Mitsubishi Outlander Plug-in Hybrid Goes On Sale in Europe (Finally)

Mitsubishi’s first plug-in hybrid — the 2014 Outlander Plug-in Hybrid — may have recently had its U.S. launch date delayed due to a plethora of problems with supply and manufacture of its lithium-ion battery pack, but as of  yesterday, the plug-in crossover SUV is finally available in Europe.

More months late than we care to count, the Mitsubishi Outlander Plug-in Hybrid looks just like its gasoline and diesel-powered siblings, but combines a 2.0-litre turbocharged engine with two, 50 kilowatt electric motors for true all-wheel drive electric capabilities.

The 50 kilowatt motors, along with the 12 kilowatt-hour battery pack, are the same ones found in Mitsubishi’s all-electric city car, the i-Miev EV. But when placed into the much larger Outlander PHEV, they work in tandem to produce a total of 245 pound feet (332 Nm) of torque, can provide up to 34 miles (52 km) of all-electric range, and can drive at speeds of up to 75 mph (120 kph).

The Mitsubishi Outlander Plug-in Hybrid is finally on sale in Europe... Sort of.

The Mitsubishi Outlander Plug-in Hybrid is finally on sale in Europe… Sort of.

At first, the Mitsubishi Outlander PHEV might not seem the greenest of cars. For a start, it isn’t exactly all that aerodynamic, meaning it uses more energy to push itself through the air than say, a compact hatchback. In combined gasoline and electric mode, it is expected to return about 148 miles per imperial gallon (1.9 litres per 100km), but in gasoline only, it manages just 48.7 miles per imperial gallon. Given the propensity of the EU test cycle to be overly optimistic on range and fuel economy (it rates the 2013 Nissan LEAF as having a 124 mile range when real-world range is nearer 80 miles per charge) we’d be surprised if 10mpg or so was knocked off both figures in real-life.

But it’s important to understand that Mitsubishi has not built the Oultander PHEV to satisfy just emissions requirements: it has built a plug-in car which aims to fulfil all the needs of an average family, while still carrying our the daily commute in all-electric mode.

Like the Volvo V60 Plug-in Hybrid, which has already proven itself popular with European buyers, the Outlander Plug-in Hybrid has been designed and approved to tow 1.5 metric tons (3,306 pounds).This makes it the ideal choice for those who need a low-emissions commuter vehicle but also want the versatility offered by an SUV at the weekend, using it to two their caravan, boat, or horse trailer at the weekend. With all-electric four-wheel drive too, there shouldn’t be a problem getting the Outlander PHEV to play nice on muddy or snowy ground, either.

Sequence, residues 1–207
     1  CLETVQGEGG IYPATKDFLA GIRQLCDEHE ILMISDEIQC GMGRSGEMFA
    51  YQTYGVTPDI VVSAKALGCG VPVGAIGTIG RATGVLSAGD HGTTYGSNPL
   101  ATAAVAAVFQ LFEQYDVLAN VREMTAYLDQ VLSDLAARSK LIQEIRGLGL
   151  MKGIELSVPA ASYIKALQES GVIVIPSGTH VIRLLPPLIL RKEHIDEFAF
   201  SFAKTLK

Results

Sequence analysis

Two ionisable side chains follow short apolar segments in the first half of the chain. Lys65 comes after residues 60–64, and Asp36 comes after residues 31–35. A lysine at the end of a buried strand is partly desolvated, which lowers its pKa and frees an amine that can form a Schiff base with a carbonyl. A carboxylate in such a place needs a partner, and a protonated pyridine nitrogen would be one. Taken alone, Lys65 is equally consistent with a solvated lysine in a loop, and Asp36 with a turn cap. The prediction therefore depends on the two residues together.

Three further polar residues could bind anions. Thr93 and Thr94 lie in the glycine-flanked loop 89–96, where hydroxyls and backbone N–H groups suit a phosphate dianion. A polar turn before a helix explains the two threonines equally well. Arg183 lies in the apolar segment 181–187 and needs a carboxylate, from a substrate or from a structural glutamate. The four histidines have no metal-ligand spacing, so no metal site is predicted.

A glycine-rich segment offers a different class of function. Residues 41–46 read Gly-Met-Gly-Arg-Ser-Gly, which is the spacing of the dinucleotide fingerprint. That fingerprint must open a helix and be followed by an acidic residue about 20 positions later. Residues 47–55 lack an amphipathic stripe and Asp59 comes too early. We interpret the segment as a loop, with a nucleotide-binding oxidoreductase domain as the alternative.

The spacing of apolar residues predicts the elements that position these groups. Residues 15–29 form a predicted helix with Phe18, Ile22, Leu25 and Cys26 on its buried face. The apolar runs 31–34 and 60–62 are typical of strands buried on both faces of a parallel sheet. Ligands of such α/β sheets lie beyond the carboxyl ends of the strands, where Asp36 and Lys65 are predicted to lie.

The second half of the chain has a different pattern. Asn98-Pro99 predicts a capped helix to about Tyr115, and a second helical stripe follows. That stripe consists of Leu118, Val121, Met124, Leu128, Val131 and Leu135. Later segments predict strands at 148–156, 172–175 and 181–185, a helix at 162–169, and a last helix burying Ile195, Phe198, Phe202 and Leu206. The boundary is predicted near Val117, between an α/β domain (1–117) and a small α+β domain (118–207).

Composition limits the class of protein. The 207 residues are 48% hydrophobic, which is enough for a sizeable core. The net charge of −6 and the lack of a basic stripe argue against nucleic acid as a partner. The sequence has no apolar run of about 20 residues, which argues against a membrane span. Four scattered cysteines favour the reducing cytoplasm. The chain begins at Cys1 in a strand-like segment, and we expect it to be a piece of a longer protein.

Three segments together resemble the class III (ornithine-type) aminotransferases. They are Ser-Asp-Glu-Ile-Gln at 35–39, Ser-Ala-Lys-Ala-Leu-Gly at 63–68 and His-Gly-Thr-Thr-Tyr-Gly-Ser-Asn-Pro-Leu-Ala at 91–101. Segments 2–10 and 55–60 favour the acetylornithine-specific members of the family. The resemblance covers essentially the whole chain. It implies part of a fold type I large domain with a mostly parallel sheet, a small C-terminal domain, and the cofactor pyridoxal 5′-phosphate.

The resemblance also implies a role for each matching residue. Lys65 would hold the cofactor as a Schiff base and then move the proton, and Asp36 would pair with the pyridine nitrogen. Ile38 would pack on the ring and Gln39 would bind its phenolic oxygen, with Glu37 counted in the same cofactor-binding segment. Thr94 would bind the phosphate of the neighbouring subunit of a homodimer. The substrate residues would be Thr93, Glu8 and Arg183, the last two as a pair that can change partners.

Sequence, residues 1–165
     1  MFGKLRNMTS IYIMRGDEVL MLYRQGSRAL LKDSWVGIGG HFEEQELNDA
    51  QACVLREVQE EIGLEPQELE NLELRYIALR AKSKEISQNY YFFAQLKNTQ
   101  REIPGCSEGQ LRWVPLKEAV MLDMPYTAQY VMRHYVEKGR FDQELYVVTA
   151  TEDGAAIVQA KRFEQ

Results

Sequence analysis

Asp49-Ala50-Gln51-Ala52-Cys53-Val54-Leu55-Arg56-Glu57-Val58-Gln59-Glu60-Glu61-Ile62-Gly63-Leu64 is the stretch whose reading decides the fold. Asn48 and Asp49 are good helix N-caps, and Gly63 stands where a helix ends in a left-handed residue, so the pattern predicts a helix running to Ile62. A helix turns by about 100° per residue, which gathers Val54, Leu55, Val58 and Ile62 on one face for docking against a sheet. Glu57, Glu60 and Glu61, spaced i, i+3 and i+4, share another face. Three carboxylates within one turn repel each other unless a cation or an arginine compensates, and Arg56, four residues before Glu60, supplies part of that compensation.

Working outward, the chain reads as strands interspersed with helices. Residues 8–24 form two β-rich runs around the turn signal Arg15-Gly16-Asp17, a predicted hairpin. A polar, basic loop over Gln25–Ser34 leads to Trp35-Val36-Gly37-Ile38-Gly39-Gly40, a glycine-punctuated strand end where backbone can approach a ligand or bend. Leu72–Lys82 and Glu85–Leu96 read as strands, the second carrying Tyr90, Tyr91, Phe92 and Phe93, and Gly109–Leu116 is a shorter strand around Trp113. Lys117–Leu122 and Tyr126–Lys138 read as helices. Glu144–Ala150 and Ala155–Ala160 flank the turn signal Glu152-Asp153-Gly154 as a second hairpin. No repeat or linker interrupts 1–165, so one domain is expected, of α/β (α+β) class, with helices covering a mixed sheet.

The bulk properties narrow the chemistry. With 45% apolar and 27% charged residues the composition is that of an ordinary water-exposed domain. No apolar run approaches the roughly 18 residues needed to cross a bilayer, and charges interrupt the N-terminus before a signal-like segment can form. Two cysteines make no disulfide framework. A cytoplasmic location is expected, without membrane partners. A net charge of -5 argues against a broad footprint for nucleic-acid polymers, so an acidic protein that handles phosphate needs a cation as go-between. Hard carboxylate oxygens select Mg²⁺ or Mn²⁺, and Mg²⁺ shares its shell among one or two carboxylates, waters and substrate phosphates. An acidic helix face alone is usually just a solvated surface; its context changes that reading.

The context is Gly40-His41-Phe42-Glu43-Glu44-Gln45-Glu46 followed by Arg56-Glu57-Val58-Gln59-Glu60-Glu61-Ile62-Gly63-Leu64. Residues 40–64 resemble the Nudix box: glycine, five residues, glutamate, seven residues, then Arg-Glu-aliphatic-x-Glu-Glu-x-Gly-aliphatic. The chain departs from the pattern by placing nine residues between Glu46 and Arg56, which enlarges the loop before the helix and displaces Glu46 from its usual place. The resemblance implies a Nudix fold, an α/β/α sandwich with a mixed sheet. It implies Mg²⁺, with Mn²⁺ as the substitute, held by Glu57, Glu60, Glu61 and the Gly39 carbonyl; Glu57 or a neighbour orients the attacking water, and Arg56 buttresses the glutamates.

There's plenty of space in the Outlander PHEV for luggage

There’s plenty of space in the Outlander PHEV for luggage

Unlike other plug-in hybrids which tend to come with only slow, 3.3 kilowatt on-board chargers, the Outlander Plug-in Hybrid features the same CHAdeMO quick charging port found on cars like the Nissan LEAF and Mitsubishi i-Miev, making it possible for owners to extend their car’s limited all-electric range easily and quickly at CHAdeMO quick-charge stations. This could actually make the 1.8 metric ton (3,990 pound) plug-in SUV more efficient on long-distance trips than say, the Chevrolet Volt, provided drivers make use of quick charge stations along the way.

We think the ability to tow, combined with a limited — yet still practical — all-electric range, a massive 591 litre (20 cubic feet) load bay, and a familiar, well-respected form factor will make the Outlander PHEV a hit with outdoor-going families and those in rural communities.

But despite an expected price tag of around £35,000 after a £5,000 government grant in the UK getting one won’t be easy just yet. That’s because Mitsubishi is still clawing its way through a massive backlog of orders caused by a multi-month halt in production in its native Japan earlier this year after it was discovered that a fault in its battery pack manufacturing process could lead to battery fires.

That production backlog means that while European sales have started, with cars now being delivered in EV-friendly Northern European countries, deliveries in the UK won’t start until March next year and U.S. deliveries are unlikely before 2015.

We’re eager to get behind the wheel of one and put it through its paces. But would you want one? Let us know in the Comments below.


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